The Somaini Sculpture

Photo of sculpture

"In gleaming polished bronze and twisted rough metal, the sculpture, 17 feet high, stands for all time before the Strasenburgh Planetarium, symbolizing the expansive thrust of man's wonderment of the Universe.

"It is the creation of Francesco Somaini, of Lake Como, Italy, internationally recognized sculptor who works only in metal - 'the material of our time'."

— From the program for the unveiling ceremony
September 19, 1970

The sculpture on the East Avenue side of the RMSC Strasenburgh Planetarium was added after the completion of the building. It was dedicated on the occasion of the second anniversary of the Planetarium's opening. The sculpture was commissioned specifically for the Planetarium and purchased with a gift from Mr. Emil Muller, who was chairman of the building committee for the Planetarium and a member of the Board of Trustees of the Rochester Museum & Science Center.

An excellent account of the story behind the sculpture appears in the following RMSC press release, issued when the commission was awarded to Mr. Somaini (but before the sculpture was created).


Office of Public Information

For release Sunday, September 21 [1969]


A fourteen-foot high strikingly handsome piece of contemporary sculpture has been commissioned by the Strasenburgh Planetarium from an internationally famous Italian sculptor.

The energy-charged bronze work of art is designed for the center of the grassy, circular turnaround which is part of the East Avenue approach to the Planetarium.

The commission was awarded to Francesco Somaini of Milan, Italy, whose design was selected from preliminary models and sketches submitted by four internationally known sculptors.

The winning sculpture will be an obliquely thrusting shaft of polished and rough metal which constrasts beautifully with the composure of the Planetarium's quiet spiral-and-dome form (itself the recipient of several design awards).

Some surfaces of the bronze work will be polished to a golden shiny appearance, while folds and inner surfaces will be rough and encrusted -- a feature typical of Somaini's work.

Planetarium architect Carl F.W. Kaelber, Jr., a member of the selection committee, points out that the appearance of the work will change as you walk (or drive) around it and as the quality of the light changes.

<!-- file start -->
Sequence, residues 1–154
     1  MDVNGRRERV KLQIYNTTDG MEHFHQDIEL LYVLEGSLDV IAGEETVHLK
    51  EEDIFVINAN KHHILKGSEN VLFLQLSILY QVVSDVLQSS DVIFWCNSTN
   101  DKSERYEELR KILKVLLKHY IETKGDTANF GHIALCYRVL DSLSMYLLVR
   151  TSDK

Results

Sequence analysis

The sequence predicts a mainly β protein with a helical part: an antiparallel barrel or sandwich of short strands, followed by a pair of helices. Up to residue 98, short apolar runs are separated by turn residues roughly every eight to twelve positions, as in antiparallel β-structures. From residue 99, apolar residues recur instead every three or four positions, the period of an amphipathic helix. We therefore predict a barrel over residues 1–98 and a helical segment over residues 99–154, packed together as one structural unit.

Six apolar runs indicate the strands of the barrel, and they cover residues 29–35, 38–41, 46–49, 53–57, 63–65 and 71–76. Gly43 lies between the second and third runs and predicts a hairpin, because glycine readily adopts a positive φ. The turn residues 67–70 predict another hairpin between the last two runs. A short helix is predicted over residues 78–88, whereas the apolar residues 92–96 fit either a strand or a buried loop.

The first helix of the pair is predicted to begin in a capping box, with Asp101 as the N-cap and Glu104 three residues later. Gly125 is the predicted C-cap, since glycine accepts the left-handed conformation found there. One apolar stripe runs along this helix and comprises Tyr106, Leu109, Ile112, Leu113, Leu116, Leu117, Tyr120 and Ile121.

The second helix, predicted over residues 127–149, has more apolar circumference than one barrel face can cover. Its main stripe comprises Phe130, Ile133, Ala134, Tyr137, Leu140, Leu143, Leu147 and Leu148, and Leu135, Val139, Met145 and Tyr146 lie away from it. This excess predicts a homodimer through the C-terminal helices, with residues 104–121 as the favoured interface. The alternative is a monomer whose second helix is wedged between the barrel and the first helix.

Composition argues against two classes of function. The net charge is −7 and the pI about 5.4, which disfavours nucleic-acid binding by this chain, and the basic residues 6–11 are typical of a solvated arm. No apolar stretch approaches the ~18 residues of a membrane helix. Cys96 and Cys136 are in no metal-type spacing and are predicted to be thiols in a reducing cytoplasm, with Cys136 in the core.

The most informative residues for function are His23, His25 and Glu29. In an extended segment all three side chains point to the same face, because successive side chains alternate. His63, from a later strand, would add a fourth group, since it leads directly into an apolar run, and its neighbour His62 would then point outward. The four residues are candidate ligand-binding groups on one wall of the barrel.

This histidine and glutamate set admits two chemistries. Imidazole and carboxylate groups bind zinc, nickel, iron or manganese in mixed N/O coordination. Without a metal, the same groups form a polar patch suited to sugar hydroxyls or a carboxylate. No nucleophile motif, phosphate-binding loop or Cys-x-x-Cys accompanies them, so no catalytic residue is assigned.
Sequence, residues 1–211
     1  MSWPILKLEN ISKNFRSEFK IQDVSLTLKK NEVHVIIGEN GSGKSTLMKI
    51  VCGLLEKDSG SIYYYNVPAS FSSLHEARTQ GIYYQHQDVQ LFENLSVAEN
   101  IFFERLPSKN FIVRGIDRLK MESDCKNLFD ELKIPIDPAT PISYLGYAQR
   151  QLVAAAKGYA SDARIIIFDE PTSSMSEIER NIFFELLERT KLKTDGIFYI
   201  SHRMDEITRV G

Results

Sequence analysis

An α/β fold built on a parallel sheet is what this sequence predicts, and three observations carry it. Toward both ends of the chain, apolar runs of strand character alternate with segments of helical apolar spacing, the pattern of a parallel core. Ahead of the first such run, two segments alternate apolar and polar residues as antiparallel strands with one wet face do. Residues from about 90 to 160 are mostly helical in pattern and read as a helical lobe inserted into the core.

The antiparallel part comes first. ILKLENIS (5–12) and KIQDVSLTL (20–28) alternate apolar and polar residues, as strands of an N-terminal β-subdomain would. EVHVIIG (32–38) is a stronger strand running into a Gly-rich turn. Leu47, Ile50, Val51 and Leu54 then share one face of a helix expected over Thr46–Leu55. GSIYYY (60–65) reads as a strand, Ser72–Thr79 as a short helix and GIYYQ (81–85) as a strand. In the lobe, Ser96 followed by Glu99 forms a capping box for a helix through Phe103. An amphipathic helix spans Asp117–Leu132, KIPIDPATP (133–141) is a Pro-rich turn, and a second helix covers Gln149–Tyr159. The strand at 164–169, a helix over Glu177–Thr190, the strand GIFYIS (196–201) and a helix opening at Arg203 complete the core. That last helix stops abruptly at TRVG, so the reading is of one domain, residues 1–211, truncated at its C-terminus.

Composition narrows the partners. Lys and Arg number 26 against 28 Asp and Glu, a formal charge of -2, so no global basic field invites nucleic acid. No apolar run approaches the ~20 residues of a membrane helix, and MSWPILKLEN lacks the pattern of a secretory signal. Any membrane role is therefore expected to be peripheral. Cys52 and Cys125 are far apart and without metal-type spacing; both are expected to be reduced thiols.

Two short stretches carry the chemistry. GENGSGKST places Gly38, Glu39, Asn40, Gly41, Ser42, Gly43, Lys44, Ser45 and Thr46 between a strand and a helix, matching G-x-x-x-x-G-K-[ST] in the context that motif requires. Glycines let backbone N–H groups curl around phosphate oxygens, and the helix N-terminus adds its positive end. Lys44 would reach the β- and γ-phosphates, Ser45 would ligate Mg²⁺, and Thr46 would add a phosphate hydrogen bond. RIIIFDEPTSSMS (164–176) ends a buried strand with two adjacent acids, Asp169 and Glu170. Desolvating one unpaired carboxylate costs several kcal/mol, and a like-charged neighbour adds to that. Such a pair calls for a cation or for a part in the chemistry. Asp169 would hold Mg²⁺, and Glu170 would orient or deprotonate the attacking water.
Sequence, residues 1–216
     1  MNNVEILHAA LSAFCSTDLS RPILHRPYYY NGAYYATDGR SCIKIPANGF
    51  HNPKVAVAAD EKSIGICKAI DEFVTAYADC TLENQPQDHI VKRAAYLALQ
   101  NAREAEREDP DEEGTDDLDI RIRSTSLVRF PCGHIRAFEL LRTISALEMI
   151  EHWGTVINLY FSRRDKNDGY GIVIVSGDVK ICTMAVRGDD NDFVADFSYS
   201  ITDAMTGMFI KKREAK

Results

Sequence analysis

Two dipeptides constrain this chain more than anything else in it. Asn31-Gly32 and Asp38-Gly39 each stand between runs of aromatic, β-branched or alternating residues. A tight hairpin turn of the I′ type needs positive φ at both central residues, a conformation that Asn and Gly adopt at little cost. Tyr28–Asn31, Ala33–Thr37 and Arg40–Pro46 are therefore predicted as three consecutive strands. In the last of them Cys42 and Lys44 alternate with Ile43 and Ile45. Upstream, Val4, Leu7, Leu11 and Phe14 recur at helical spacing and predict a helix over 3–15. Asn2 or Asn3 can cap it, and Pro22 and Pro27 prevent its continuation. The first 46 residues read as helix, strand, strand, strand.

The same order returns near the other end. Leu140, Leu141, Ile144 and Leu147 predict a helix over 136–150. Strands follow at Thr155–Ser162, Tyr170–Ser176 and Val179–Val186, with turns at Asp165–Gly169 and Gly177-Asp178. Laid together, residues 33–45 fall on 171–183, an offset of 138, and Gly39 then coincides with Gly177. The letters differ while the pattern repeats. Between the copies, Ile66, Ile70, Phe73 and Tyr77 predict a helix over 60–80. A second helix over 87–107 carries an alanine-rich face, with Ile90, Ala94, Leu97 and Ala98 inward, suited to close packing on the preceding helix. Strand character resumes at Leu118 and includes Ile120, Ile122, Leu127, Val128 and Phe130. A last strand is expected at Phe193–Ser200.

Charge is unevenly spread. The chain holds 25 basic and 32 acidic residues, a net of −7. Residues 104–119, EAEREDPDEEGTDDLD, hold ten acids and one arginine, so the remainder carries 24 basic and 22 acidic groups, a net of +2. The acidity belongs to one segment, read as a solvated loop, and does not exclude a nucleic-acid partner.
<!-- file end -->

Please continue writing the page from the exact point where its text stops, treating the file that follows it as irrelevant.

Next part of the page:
To Ian McLennan, Director of the Strasenburgh Planetarium, the sculpture suggests the force of an exploding rocket thrust or the dynamics of a meteor shattering against a resisting surface.

Of one of his works, comissioned for Baltimore's Center Plaza, similar in technique -- though not in form -- to the Planetarium sculpture, Somaini has said:

"The whole sculpture itself shows the same contrast (i.e. between the polished and smooth surfaces) in the fate of man. There is resistance of matter versus human energy. It's a monument to human energy, but you can't forget that which remains to be done, the unfinished part..."

In discussing his technique, Somaini says that the idea occurred to him when he toured a metallurgical factory and was fascinated with the contrast between raw materials and the finished product.

It seemed to him, he's said, that the finished work somehow lacked "humanity." The unfinished, rough work still showed the trace of the human being who created it-- and it was from this point that Somaini's technique developed.

His work is represented in the collections of Lincoln Center (as a donation by Mrs. John D. Rockefeller), The Museum of Modern Art, The Chase Manhattan Bank, The Baltimore Art Museum, The Albright-Knox Museum and in the private collections of Governor Nelson A. Rockefeller, Architect Philip Johnson, Stanley Marcus, William Paley, Mrs. Richard Rogers and New York Times Art Critic John Canaday.

Commenting on the selection of Somaini's model, Carl Kaelber says: "The decision was a very difficult one to make. The quality of the work submitted by all the entrants was extremely high."

Artists submitting work were William Sellers, a Rochester sculptor whose work is among those in the Sculpture Court of the Memorial Art Gallery, Giuseppe Macri, of Rome, Italy; Hilda Morris, of Portland, Ore.; all distinguished sculptors.

The choice was made by a committee which included Carl F.W. Kaelber, Jr., of the architectural firm of Waasdorp, Northrup and Kaelber; Emil Muller; Mrs. E. G. Strasenburgh; Harris Prior, Director of the Memorial Art Gallery; and Ian McLennan, Director of the Strasenburgh Planetarium.

Purchase of the untitled work was made possible through a $40,000 gift by Mr. Emil Muller to the Rochester Museum and Science Center. The gift was made specifically for the purchase of the major piece of sculpture for the Planetarium.

Muller was chairman of the building committee for the Planetarium and is a member of the Board of Trustees of the Rochester Museum and Science Center.

The work will be cast and the final polishing done by Somaini in his own foundry. Plans call for the finished work being in place at the time of the Planetarium's second birthday anniversary, September 14, 1970.

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